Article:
Researchers crunched data from two registrations: the Canadian Cystic Fibrosis Registry (CCFR) and U.S. Cystic Fibrosis Foundation Patient Registry (CFFPR). The Canadian registry represents 42 CF clinics while the US registry represents 110 clinics. Almost 6000 Canadian patients were included in this study along with over 45,000 US patients with the disease, with results indicating that north of the border, people with CF live on average 51 years, while domestically age expectancy is 40.6 years.

Lung transplantation is more common for CF patients in Canada than in the US: 10.3% were transplanted and transplanted earlier than CF patients in the US, where only 6.5% received new lungs. I query in the podcast whether there is a difference in availability of lungs for transplant between the two countries but no data is reported on that in this study. Perhaps more sobering is the fact that when types of insurance patients in the US had were used to stratify CF patients, those without insurance or who had Medicaid were the ones who died earlier, while CF patients with good insurance lived as long as their Canadian counterparts. Therein lies at least one opportunity to even things up, as care continues to improve for this condition.

Other topics this week include Effect of Inpatient Rehabilitation vs a Monitored Home-Based Program on Mobility in Patients With Total Knee ArthroplastyThe HIHO Randomized Clinical Trial and Association of Preceding Antithrombotic Treatment With Acute Ischemic Stroke Severity and In-Hospital Outcomes Among Patients With Atrial Fibrillation in JAMA, and in NEJM, Rivaroxaban or Aspirin for Extended Treatment of Venous Thromboembolism. Until next week, y'all live well.

 

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iStock-498505467What can the 'oldest old' teach us about aging, and how has that experience changed over the last decade? That's the substance of a study published in the Lancet this week that Rick and I discuss on PodMed. The majority of the cohort, those in their 80's, don't seem that old to Rick, he quips because such an age grows closer daily, but some subjects were in their 90's or even 100+. The study compared almost 20,000 people aged 80-105 in China who were born 10 years apart and enrolled in the Chinese Longitudinal Healthy Longevity Study.  Data from 1998 and 2008 were included, and came to the conclusion that people are living longer but with poorer physical and cognitive functioning.  Hmmm. How was this assessed?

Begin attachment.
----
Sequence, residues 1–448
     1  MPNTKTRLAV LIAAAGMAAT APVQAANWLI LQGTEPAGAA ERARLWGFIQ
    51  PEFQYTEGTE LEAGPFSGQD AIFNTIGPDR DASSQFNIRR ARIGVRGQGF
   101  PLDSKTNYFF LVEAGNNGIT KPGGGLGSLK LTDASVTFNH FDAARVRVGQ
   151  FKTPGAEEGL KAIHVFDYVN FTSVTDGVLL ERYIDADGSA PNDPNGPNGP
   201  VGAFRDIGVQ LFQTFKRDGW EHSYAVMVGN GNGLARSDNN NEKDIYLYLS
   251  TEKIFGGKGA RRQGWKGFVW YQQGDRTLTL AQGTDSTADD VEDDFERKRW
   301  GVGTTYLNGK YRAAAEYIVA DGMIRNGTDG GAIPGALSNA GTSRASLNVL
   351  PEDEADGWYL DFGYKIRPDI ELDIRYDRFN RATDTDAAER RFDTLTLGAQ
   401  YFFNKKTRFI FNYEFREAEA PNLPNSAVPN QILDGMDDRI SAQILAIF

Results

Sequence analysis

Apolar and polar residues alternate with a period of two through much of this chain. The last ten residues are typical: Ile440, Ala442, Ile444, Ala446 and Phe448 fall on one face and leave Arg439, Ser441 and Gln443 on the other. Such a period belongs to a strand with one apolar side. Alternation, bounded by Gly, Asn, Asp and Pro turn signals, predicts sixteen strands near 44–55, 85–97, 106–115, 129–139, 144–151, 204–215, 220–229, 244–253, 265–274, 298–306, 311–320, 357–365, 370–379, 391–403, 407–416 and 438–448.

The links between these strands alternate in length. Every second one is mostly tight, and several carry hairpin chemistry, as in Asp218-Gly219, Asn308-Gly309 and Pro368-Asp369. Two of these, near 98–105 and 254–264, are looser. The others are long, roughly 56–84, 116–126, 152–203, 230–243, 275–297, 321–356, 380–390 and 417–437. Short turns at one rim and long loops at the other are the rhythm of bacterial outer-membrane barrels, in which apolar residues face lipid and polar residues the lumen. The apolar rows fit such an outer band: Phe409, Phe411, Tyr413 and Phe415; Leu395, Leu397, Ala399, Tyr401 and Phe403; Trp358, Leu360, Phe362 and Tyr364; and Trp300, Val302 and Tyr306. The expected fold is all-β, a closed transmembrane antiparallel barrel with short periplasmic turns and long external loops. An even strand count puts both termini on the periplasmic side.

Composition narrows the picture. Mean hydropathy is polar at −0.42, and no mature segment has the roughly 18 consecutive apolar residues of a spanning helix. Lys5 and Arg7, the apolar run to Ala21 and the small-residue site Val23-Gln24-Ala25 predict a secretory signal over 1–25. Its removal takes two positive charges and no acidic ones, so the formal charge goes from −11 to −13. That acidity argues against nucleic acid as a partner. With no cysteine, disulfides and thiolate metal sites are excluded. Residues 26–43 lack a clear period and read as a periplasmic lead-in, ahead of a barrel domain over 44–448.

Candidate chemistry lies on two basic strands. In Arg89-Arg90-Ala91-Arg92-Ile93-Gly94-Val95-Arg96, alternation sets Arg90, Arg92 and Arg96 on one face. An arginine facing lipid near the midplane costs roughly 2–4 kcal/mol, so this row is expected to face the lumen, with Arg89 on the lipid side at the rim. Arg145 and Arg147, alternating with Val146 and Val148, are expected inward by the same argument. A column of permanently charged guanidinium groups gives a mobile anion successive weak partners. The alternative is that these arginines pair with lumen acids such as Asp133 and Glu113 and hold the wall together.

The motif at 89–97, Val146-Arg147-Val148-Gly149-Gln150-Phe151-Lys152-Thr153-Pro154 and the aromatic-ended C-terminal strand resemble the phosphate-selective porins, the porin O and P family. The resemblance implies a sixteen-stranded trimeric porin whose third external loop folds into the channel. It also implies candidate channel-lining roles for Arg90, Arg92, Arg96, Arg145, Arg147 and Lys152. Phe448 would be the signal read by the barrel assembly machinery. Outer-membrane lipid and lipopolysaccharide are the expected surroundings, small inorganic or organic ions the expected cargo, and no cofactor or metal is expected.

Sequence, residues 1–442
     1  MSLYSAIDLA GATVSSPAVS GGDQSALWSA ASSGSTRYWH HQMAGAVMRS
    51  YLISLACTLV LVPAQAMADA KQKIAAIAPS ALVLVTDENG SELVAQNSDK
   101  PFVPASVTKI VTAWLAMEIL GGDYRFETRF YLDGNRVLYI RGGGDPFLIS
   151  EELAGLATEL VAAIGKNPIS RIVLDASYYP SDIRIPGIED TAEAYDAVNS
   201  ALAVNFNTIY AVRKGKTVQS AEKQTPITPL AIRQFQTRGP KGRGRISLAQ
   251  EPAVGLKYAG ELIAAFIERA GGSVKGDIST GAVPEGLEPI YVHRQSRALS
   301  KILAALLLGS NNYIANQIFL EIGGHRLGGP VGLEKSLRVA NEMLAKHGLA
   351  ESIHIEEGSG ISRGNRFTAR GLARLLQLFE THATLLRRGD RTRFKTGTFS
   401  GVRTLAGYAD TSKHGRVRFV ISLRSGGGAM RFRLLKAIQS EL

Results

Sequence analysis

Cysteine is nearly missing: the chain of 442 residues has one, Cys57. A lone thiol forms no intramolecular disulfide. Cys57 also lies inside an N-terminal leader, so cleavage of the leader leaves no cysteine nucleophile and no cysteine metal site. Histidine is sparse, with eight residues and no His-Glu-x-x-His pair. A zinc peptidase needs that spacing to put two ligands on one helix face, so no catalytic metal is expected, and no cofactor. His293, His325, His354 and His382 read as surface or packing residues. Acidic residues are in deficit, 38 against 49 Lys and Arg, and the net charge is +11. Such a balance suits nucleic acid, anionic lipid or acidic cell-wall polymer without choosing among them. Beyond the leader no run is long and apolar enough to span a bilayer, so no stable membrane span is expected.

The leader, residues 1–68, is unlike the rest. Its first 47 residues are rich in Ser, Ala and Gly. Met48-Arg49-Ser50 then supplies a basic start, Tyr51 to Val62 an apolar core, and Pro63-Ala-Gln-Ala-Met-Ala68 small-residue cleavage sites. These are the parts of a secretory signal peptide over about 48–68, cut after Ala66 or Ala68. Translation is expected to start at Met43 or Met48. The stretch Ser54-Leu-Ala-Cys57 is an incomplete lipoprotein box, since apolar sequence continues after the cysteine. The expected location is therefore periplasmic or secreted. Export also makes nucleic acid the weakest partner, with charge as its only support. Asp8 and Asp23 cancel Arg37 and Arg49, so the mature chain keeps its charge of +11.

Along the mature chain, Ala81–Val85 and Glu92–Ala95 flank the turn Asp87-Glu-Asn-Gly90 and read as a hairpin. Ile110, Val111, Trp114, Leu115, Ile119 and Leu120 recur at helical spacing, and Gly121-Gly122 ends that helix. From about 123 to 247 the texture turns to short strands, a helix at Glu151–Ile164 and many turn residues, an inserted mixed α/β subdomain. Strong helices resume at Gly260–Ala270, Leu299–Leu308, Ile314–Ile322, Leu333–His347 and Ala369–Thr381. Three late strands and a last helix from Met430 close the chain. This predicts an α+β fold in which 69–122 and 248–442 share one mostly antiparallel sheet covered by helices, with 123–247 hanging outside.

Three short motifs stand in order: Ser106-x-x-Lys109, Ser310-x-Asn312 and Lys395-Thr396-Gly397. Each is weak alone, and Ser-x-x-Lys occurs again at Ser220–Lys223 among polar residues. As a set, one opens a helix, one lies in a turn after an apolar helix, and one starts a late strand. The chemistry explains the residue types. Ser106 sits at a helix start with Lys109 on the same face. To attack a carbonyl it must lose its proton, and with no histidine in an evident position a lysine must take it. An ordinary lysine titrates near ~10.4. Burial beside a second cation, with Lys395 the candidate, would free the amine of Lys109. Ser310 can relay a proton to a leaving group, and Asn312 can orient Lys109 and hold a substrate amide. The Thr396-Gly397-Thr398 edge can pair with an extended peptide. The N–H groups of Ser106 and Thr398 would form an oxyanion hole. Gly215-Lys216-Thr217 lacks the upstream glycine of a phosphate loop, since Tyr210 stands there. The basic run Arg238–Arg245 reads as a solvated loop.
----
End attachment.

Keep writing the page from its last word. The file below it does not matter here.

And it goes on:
Data was gathered relative to physical ability (picking up a book, standing from a chair, turning 360 degrees), cognitive function, and self-reported activities of daily living.  For all age groups (80's, 90's, 100+) mortality decreased, but physical disability increased and cognitive ability decreased. The authors conclude that while we may be pushing back mortality frailty is increasing, and this must be acknowledged both in an individual's care but also in communities and at a policy level.  How applicable are these results to the world's aging population, as many of these subjects were low and middle-income? Rick notes that similar results were seen in a recent Swedish study also, so accounting for factors related to increasing frailty seems like the next step.